There are a lot of questions that you should be asking if you are buying a home, and a lot more if you are a first time home buyer. With that said, however, what does a seller really have to disclose to a home buyer without being asked? The true answer to that question is: it depends. This article will run through some facts about private sellers and sales through real estate agents. By the end you should have a decent understanding of what you are up against and how the rule of Caveat Emptor (“let the buyer beware”) can still affect your purchase.
In Massachusetts, a private seller has no legal duty to disclose anything about the property. This means that he does not have to disclose anything about the leaky pipes, the basement that floods, the failing water heater, or anything else. It is true that when you buy a home, most people include a statement of condition and most real estate agents will require that a seller complete one. However, if it is not provided by a private seller, there is no legal recourse against the seller. This is why it is important to have a licensed inspector prepare a report on the condition of the property. At least the inspector should have liability insurance that will protect a buyer from his negligence.
Even though a seller does not have to disclose defects on the property, he cannot lie and say that they do not exist if he knows that they do. If you ask the seller is asked a question and he does not give you a truthful answer, this is an affirmative misrepresentation and he would be liable for any damages that he may have caused. With that said, how would you prove this? Keep that in mind, too.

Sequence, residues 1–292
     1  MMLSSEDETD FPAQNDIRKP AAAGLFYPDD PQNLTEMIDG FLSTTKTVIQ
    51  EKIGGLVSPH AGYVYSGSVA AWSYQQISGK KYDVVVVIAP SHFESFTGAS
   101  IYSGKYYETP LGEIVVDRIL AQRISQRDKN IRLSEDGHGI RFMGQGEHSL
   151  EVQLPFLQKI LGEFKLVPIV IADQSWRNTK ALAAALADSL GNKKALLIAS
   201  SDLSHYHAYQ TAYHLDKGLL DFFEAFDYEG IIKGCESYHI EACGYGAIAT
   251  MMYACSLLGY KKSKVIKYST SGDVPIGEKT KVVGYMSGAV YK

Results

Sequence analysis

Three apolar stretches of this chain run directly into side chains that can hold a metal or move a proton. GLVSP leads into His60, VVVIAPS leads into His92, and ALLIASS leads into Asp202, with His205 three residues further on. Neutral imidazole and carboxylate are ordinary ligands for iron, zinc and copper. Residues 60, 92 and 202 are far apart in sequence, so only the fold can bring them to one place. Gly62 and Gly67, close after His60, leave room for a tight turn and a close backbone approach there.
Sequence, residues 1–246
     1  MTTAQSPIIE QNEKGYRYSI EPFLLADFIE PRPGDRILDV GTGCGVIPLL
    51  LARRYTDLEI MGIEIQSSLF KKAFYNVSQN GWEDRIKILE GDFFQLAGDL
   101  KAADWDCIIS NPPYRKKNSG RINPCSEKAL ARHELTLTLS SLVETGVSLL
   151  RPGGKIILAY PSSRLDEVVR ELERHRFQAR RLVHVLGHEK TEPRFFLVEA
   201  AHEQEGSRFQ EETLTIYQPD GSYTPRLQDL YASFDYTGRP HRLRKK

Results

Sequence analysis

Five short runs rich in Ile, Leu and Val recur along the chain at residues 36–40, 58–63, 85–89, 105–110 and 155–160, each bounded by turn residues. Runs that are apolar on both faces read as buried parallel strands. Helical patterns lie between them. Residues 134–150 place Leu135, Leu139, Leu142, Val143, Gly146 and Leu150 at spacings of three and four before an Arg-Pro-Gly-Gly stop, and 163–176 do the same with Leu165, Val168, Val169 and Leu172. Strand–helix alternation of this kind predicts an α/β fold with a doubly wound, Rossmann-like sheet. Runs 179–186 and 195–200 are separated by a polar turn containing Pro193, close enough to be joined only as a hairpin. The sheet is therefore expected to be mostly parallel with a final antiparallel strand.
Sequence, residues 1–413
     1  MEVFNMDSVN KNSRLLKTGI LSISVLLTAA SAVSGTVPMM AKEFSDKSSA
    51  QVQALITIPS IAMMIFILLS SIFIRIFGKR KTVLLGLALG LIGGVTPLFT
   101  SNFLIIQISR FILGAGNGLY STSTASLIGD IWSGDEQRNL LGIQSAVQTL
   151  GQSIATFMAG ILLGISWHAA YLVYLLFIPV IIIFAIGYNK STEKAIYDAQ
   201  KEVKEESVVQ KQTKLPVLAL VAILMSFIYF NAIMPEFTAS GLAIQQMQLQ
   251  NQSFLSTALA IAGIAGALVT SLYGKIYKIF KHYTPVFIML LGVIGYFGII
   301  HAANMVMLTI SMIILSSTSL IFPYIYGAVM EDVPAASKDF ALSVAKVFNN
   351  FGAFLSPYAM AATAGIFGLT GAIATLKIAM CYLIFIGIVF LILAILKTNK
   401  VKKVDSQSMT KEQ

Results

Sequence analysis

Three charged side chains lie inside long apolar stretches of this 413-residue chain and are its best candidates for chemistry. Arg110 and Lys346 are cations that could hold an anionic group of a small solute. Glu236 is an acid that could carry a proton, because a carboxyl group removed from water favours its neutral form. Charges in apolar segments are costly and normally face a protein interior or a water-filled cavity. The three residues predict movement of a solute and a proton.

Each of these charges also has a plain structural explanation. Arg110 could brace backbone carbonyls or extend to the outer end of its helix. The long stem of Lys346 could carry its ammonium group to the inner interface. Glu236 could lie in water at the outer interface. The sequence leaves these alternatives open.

Real estate agents on the other hand, are held to a higher standard. However, being held to a higher standard does not mean that they automatically have to disclose defects. In reality, the real estate agent’s responsibility to disclose is the same as an individual. Even though they may not need to disclose defects, the good news is, most will. This is because Massachusetts has various consumer protection laws in pace that protect home buyers. Although not tailored specifically to real estate transactions, the court system views the home buying process as a consumer transaction and it is afforded the same protection as other commercial transactions. Rather than face a potential consumer protection law suit, an honest real estate lawyer will disclose all known issues to avoid having to pay costly damages. A consumer protection lawsuit can yield three times the amount of actual damages incurred by the consumer.
What this information means, is: you have to ask questions. This is one of, if not the biggest, investments that you will ever make. You should do you due diligence by asking questions and having the real estate properly inspected before agreeing to purchase.